Today, I came across this blog post:
As you might have heard, Chrome 69 automatically logs you into the browser when you log into any Google property. As much as I might like Chrome (and Google), I was quite displeased by this particular change: I assume it was in the release notes (that probably a vanishingly small number of Chrome users read), but the rationale that's been given for the change doesn't really make sense, and in any case I really prefer not to have anything synced anywhere. It definitely (for me at least) violated the principle of least astonishment: I can't speak for anyone else but I personally don't expect a routine software upgrade to suddenly start uploading passwords somewhere, or copying my passwords onto any random computer I happen to log into.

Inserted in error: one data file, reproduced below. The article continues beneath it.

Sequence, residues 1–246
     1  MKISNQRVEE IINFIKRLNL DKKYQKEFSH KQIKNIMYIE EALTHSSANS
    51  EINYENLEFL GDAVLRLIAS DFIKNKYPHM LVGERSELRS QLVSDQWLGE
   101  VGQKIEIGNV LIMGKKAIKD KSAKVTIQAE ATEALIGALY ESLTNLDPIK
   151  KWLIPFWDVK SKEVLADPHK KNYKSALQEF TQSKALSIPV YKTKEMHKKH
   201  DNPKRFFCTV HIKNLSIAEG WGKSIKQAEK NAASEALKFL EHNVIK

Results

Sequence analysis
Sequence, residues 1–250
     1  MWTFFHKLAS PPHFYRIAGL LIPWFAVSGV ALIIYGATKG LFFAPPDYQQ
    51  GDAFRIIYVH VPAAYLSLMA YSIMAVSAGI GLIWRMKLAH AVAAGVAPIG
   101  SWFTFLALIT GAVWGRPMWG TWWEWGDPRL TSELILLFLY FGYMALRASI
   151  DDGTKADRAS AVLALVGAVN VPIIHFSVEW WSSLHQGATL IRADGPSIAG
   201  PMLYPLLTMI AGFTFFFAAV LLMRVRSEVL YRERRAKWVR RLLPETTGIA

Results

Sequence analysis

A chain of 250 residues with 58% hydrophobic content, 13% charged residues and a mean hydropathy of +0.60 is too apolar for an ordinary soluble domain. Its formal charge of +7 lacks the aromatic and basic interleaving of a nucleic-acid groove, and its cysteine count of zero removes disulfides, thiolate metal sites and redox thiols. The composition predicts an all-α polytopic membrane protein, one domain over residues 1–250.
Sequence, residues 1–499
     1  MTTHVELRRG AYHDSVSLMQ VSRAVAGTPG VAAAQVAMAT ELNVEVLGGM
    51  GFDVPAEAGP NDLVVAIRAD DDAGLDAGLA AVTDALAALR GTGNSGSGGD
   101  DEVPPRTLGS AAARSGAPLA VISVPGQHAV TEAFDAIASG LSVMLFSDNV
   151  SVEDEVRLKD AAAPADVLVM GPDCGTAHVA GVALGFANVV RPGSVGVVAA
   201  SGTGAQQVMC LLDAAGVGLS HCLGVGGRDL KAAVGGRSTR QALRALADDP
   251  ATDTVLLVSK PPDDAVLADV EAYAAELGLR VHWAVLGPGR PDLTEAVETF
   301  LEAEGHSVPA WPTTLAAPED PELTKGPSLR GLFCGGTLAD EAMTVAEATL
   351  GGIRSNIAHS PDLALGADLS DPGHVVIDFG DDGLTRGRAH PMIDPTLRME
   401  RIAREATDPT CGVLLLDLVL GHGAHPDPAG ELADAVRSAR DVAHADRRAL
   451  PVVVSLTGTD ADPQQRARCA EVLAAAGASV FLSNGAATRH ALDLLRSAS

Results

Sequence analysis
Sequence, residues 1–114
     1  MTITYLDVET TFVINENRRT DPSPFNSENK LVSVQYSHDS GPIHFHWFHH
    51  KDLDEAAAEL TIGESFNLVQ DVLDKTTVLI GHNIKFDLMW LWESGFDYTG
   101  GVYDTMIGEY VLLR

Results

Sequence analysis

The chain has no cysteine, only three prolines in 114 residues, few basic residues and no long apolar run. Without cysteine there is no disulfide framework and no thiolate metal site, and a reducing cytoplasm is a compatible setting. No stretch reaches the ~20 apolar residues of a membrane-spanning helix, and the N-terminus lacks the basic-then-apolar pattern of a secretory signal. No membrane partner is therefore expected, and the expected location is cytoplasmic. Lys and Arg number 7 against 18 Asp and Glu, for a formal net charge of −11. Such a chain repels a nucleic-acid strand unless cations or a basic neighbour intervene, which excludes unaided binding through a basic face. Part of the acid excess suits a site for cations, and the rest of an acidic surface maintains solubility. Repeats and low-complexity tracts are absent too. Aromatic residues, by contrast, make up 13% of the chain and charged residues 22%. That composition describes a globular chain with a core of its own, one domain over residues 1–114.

As noted in the first article above, the Sync enabled/disabled UI was singularly confusing to me as to what the state of things are, and a careful search (well, about 1 minute) through the Chrome settings pages didn't really shed much more light on exactly how I could guarantee no data gets inadvertently synced. I set out to figure out how I could keep using Chrome but still feel relatively comfortable that Chrome Sync wasn't helpfully distributing my data. After a couple of hours running around I finally got it together thanks to https://www.chromium.org/administrators/policy-list-3.
For OSX, open a terminal window and run:
defaults write com.google.Chrome SyncDisabled -bool true defaults write com.google.Chrome RestrictSigninToPattern -string ".*@example.com"
How can I do the same on Ubuntu?